Summary (Magill's Survey of American Literature, Revised Edition)
Black Boy, which was another immediate best seller, is often considered Wright’s most fully realized work. Ostensibly a description of the first twenty-one years of Wright’s life, the book derives its aesthetic design from two distinct but interwoven narrative skeins: the African American exodus motif, in which a character’s movement from south to north suggests a flight from oppression to freedom, and the Künstlerroman, or novelistic account of the birth of the artist—in this case, a “portrait of the artist as a young black American.” In the process, Wright analyzes how poverty, intolerance, and racism shaped his personality but also fed his creativity, enabling him to view his pain as an embodiment of the existential human condition.
As a chronicle of family life, Black Boy presents a grim portrait of violence, suffering, and disintegration. While the veracity of every event related in the text is questionable, one cannot deny the authenticity with which Wright has documented the emotional truths of his childhood and their devastating psychological consequences. The central motif of the work is the gnawing hunger defining every facet of Richard’s existence: physical hunger born of his family’s worsening poverty after his father’s abandonment; emotional hunger rooted in that abandonment, compounded by his mother’s prolonged illnesses, and resulting in his alienation from other black people; and intellectual...
(The entire section is 1146 words.)
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Summary (Identities & Issues in Literature)
Black Boy: A Record of Childhood and Youth stands as a classic African American autobiography. It tells of Richard Wright’s escape from figurative slavery in the South to freedom in the North. The text opens in 1912 on Wright’s earliest memory at age four. Richard is living in Jackson, Mississippi, in the crowded home of his grandparents. The household includes Richard, his mother, father, brother, and his uncle, and it replicates the subhuman living conditions of slaves.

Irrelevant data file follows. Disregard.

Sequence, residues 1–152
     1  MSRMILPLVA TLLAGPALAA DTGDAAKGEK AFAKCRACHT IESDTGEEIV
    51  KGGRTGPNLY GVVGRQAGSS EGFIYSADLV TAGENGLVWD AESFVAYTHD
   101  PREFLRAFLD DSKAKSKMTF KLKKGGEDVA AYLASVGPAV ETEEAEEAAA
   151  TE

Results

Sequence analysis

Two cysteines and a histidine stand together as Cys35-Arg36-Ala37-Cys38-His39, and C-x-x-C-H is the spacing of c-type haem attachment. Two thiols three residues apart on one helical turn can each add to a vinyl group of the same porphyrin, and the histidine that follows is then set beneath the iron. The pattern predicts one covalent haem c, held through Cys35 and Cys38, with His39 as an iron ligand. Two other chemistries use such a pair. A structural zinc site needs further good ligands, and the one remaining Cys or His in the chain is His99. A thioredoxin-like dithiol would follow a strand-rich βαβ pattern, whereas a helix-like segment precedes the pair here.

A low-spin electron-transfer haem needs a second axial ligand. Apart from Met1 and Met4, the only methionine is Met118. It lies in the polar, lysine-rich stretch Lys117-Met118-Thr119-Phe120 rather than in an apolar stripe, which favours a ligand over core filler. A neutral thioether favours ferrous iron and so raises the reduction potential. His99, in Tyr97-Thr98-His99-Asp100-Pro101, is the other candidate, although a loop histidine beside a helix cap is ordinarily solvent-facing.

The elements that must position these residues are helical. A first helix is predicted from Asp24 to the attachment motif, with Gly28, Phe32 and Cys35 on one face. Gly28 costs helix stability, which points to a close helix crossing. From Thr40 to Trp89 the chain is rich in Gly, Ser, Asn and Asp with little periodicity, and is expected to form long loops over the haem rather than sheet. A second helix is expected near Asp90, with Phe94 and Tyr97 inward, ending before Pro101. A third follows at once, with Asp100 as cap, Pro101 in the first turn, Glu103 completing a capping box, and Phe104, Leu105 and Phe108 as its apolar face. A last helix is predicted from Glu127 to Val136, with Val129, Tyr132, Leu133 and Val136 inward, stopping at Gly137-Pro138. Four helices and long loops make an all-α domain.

Richard’s father is illiterate and an unskilled laborer; in search of work, he moves his family to another state, which initiates Richard’s life of emotional and physical instability. These disruptions occur in three cycles. From age four to age twelve, Richard moves frequently from Mississippi to Tennessee to Arkansas and back again. From age twelve to age seventeen, he remains in Jackson. From age seventeen to age nineteen, he escapes, first to Tennessee and then to Illinois. Before age twelve, Richard suffers abandonment by his father, life in an orphanage, street life, heavy drinking, and the illness of his mother.
Wright employs the literary technique of naturalism to portray the racial and environmental factors that create a hostile world for Richard. Whites consider African Americans to be inferior because of their skin color, and Richard hears of violent acts against African Americans in the form of murders, lynchings, and beatings. He personally...
(The entire section is 440 words.)
Summary (Masterplots, Fourth Edition)
Richard Wright was a bored and frustrated young boy growing up in Natchez, Mississippi, in a household that he believed neither understood nor appreciated him. At the age of four, he demonstrated his boredom and frustration by setting his house on fire, thus incurring the wrath of his mother, Ella, who beat him into unconsciousness.
When the family moved to Memphis, Tennessee, Richard’s father deserted the family, leaving them in poverty. Richard’s mother was forced to put her two sons in an orphanage, where they remained for six weeks before being reunited with their mother. They then moved to Elaine, Arkansas, to live with Ella’s sister and her husband. En route to Arkansas, they stayed for a brief time in Jackson, Mississippi, with Ella’s parents, Margaret and Richard Wilson. Margaret (called Granny), the matriarchal head of the house, was a stern ruler, intolerant of the love of fiction demonstrated by a schoolteacher who boarded with her. The schoolteacher introduced fiction to Richard. From Granny’s intolerance, Richard learned lessons about familial rigidity and cruelty that he carried with him throughout his youth.
When they arrived in Elaine, Arkansas, to stay with Aunt Maggie and Uncle Hoskins, it appeared that the Wrights’ lives of constant mobility and poverty were over. They finally got the food they needed and the security they had lacked. This sustenance and stability were short-lived, however. Uncle Hoskins was...
(The entire section is 678 words.)
Chapters I-IV Summary